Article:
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Foodie: Farm to Table 2.0

Foodie: Farm to Table 2.0


Two chefs bring fine dining and next-gen farming together under one roof

At the intersection of Larimer and 24th Streets in Denver, you’ll find something completely unexpected.

A fully functioning farm.

That’s also a restaurant.

And a local market.

That’s where I met Head Chef Austin Breedlove and Sous Chef Chase Meneely. Calling them two peas in a pod wouldn’t be entirely accurate. They each bring their own skill set to the creation of their farm-to-table menu that includes salads, soups, and handhelds, complementing each other perfectly. The deep, mutual respect these two have for each other emanates from them, which makes it seem as if they have been working together for years when, in reality, it’s only been a few short months.

Austin serves as the head chef and co-owner of this one-of-a-kind place. His brother, Davis, started hydroponics in his garage because he wanted his wife to have the freshest and most nutritious lettuce during the winter months, as it’s her favorite food. That idea morphed into Farm & Market’s fully functioning hydroponics farm that sits about two dozen steps from where Austin, Chase, and I talk in the restaurant section.

Growing up with busy parents, Austin taught himself to cook. He created meals for himself and his family. He, however, ended up working in payroll with a tax insurance company, which didn’t satisfy him the way cooking did. He ended up attending culinary school for four years, and he admits to sneaking in fresh herbs from his brother’s garage garden. His culinary instructors couldn’t believe how much flavor the herbs had, and the seeds of an idea began to grow.

Davis, Austin’s brother, wrote the code for the entire farm. Compared to a conventional farm, herbs and lettuce grown through hydroponics use 90% less water and yield two times more produce due to the fact that it grows to maturity faster. Temperature, CO2, and lights are all controlled. The plants never get stressed and go into survival mode, which can greatly impact both flavor and nutrition. Additionally, a controlled environment means no pesticides ever need to be used. You also never have the chance of an outbreak that commonly creates recalls of bagged lettuce at grocery stores. The farm-to-table turnaround time is fewer than 12 hours and sometimes fewer than five minutes if an ingredient starts to run out. With all this in place, Austin knew it was time to find himself a sous chef to co-create the salad-focused menu.

When Chase Meneely saw the position open up, he knew that Farm & Market was where he wanted to be. Unlike Austin’s formal education, Chase’s education stems from his 18 years of experience in the industry. His cooking began at an early age. A self-described “picky eater,” his mom told him to make his own food. Through TiVo and DVR, American chef Anthony Bourdain became Chase’s instructor in the culinary arts. Chase admits the core of his vast knowledge can be traced back to Food Network’s Good Eats. With an “I don’t know how; please teach me, so I can do that” mentality, Chase started out washing dishes and moved his way up the ranks, eventually landing in fine dining. He’s even been on two cooking competition shows. The rounds he participated in? Salads.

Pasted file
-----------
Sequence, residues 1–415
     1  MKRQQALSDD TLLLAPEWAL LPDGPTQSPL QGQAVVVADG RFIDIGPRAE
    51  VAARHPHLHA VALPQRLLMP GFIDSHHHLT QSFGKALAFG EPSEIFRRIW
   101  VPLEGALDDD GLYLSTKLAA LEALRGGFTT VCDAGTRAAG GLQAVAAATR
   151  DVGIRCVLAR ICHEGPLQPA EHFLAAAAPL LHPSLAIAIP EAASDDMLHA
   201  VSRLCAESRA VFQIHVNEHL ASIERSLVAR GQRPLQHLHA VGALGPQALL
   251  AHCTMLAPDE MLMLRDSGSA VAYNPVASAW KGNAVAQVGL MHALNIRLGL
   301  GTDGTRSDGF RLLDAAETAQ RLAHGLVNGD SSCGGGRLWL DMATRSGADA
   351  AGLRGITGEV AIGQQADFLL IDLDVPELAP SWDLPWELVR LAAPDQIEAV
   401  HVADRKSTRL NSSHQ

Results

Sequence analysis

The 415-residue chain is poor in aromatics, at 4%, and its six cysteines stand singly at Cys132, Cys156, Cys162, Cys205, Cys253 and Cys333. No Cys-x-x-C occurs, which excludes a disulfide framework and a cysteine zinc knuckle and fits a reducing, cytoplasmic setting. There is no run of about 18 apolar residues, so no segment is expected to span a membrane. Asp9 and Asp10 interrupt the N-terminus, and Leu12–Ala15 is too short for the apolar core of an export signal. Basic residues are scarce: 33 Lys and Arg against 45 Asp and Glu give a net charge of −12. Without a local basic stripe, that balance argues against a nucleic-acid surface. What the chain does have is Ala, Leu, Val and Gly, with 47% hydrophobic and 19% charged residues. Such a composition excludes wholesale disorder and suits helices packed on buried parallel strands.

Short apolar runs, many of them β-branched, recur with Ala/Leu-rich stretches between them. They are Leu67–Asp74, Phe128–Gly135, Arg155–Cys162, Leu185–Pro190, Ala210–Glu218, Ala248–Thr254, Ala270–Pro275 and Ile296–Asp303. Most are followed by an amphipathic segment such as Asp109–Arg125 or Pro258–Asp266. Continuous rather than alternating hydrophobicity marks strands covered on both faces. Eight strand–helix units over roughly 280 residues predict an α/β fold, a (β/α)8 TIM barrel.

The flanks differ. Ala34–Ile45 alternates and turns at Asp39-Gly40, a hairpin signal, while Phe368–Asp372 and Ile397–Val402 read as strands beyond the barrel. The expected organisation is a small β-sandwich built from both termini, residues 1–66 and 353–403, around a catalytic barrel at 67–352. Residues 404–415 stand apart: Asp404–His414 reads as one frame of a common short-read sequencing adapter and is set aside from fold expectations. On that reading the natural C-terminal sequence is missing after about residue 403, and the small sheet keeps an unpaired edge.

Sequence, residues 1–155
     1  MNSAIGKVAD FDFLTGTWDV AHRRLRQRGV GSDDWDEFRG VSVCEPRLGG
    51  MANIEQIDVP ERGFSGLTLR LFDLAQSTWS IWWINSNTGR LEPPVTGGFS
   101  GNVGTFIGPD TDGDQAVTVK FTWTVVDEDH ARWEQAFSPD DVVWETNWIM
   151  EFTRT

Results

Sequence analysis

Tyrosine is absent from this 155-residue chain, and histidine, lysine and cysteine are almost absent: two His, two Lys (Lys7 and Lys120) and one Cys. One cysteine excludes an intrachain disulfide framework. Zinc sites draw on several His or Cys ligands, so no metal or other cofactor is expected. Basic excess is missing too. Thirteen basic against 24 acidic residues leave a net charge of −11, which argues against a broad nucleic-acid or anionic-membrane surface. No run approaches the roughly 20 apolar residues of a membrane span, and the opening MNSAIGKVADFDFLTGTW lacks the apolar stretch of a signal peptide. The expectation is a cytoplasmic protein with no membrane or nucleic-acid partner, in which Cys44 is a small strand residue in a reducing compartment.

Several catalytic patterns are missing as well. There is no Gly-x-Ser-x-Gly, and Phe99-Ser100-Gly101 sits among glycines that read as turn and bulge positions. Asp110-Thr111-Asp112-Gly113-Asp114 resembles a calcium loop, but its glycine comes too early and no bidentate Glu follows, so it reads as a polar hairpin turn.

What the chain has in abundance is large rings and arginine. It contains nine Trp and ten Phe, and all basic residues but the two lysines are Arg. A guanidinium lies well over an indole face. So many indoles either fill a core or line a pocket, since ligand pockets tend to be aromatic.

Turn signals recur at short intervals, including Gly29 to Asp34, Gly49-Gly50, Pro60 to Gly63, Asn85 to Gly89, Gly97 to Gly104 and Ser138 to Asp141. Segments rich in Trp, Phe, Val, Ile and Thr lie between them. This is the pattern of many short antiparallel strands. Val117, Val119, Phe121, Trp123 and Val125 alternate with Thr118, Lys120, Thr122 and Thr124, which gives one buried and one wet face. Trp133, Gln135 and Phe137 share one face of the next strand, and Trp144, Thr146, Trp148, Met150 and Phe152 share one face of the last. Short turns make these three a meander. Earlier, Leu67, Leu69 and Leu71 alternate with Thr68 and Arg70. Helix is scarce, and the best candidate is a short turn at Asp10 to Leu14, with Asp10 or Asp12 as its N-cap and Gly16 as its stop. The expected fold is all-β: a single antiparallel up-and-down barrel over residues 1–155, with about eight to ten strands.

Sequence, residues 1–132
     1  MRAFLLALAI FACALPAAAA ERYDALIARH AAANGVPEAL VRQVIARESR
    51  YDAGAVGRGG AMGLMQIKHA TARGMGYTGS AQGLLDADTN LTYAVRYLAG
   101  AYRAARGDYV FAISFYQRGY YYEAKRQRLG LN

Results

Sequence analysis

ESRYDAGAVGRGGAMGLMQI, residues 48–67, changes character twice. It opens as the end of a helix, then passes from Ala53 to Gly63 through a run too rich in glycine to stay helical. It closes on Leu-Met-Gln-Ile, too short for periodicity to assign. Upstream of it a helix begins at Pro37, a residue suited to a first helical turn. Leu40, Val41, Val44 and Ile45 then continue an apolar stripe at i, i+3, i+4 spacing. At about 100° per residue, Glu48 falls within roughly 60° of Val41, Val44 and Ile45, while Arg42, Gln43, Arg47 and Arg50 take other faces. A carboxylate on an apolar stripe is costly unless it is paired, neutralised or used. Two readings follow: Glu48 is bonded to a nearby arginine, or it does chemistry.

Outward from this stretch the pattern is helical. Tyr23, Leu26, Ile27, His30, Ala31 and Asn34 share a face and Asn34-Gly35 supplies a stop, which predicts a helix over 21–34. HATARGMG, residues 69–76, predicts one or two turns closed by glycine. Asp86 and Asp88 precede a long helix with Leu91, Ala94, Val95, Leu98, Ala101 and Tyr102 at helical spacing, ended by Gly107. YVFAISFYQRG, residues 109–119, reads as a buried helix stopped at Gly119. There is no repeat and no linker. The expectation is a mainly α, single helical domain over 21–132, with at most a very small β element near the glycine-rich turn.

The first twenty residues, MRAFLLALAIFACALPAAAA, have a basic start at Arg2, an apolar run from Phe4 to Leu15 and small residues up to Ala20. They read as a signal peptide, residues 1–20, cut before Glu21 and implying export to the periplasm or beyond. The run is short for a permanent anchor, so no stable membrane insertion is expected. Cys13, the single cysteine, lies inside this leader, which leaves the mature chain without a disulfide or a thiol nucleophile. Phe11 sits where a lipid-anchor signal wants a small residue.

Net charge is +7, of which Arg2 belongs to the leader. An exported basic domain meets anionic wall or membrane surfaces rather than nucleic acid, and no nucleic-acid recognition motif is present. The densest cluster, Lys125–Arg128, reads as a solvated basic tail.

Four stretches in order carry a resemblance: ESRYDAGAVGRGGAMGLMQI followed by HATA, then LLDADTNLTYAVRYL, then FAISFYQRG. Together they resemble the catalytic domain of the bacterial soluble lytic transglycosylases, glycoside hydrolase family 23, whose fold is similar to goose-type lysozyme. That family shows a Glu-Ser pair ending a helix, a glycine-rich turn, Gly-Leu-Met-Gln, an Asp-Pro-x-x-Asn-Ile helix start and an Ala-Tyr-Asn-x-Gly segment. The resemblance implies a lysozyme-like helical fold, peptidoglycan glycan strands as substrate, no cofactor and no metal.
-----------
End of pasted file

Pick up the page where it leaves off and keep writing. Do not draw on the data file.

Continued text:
With his destiny perhaps foreshadowed, Chase interviewed for — and landed — the sous chef job at Farm & Market. The menu of eight salads, four soups, and four handhelds represents a partnership that values feedback, openness, and precision. With fine dining concepts in place, where every ingredient is measured to the gram, Chase and Austin have created a menu where salads are more than the crunchy water element ordered as an afterthought. Each ingredient offers its own unique flavor profile. Chase compares working with the farm ingredients to working with Lego. “You’re given elements to play with, and the possibilities are endless; you can build all sorts of things and don’t have to build what’s on the box,” he says with a grin.

What does the research and design look like? Taking anywhere from two days to two weeks, Chase and Austin keep a journal to track their recipe ideas and development. And because they both know that any menu must be replicable by anyone on their kitchen staff, any adjustment made is recorded. With that in place, Chase can then train the staff to make the salads, which he confesses is one of the favorite parts of his job. That way, the chefs are able to change the narrative of having to be at the restaurant all of the time to ensure quality and consistency. The staff knows what they are doing. In fact, during the time we spent together, a steady flow of customers came through. Not once did Chase or Austin glance over their shoulder to see how things were going. Such is the confidence they have in themselves, their training, and their staff.

Farm & Market sits on the cutting edge of what farm-to-table can, and maybe should, be. The high-quality ingredients can often only be found in (and are reserved for) fine dining. Here, you can look through plexiglass and see them growing. The future is here. It’s on a city corner in Denver.  

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